Mitchell is as interested in the world around her as the one inside her. She has a way of tackling big themes with the same emotional intimacy most artists use to describe their inner lives. The emotions are my own, says Mitchell. As for the Young Man, he s in me too, I feel his restlessness a lot. He s part of me like my dad s old book or like something an old lover said one time. Those parts of ourselves that haunt us, sometimes we have to appease them with an offering of food and wine so they ll quit haunting us for a while. This album is that kind of offering.
Htown orchestra by Adam Jason photography — Polly Vanderputten, Andrew Moroz, Adam "Pickles" Moss, Robinson Morse, Anaïs Hahn a Geza Carr
How do you follow something like Hadestown?
A multi-voiced, 20-track epic tale of the Greek underworld, awe-inspiring enough to have warranted a perfect ten on this very site should be almost impossible to top. Thankfully, Anais Mitchell’s answer is refreshingly simple: Young Man In America. Narrowing her scope without lowering her ambition, Mitchell delivers a more traditional collection of singer-songwriter tracks, and does so without any marked drop in quality from its incredible predecessor. After all, although the narrative-based premise of Hadestown was often the opening gambit and the bottom line of most discussions about that record, it could sometimes draw focus from the album’s more important strengths of musicianship, melody and lyricism. Those are the three qualities which really made that record special, and they’re qualities which Mitchell has no trouble in translating to this new 11-track collection. Opening with the menacing drum beats and expanding vocal harmonies of ‘Wilderland’, Mitchell provides an assertive mission statement of intent, assuring the listener that she has not shot her wad, she has not run out of ideas, and that this album is as worthy a successor to Hadestown as there is likely to be.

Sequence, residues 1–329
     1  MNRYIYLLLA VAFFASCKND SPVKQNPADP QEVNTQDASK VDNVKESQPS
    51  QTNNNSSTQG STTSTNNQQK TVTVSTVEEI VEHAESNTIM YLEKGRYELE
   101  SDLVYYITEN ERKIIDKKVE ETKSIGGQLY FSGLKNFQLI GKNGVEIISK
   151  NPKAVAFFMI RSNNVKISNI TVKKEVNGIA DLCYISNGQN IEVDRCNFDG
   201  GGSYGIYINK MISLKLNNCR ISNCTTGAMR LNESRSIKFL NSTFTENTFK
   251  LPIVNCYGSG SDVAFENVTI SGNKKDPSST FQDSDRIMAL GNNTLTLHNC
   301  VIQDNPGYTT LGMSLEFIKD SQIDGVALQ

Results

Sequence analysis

It’s easy to admire Hadestown as a jaw-dropping whole, but we would do well to recognise that it’s only as impressive as it is by virtue of being a patchwork of much smaller moments of exquisite beauty. Young Man In America can be described in similar terms. Frequently sounding liberated by the absence of an overarching framework, these songs often draw strength from modesty and simplicity, packed throughout with breathtaking (and tear-jerking) flourishes of vocal agility and musicianship. Take the tender ‘Coming Down’ as an example, where skipping, repetitive, whispered vocals backed only by piano suddenly allow a swell of gorgeous guitar and strings to slide out from beneath the mix – providing an organic but seismic shift in texture to support the second half of the track. Elsewhere, the stripped back instrumentation of ‘Dyin’ Day’ allows the soft chorus of harmony to sell the song’s hook perfectly and without distraction. Right across the record, one-off masterstrokes of musicianship and a pitch-perfect ear for texture and arrangement provide perfect articulation of emotion for these songs.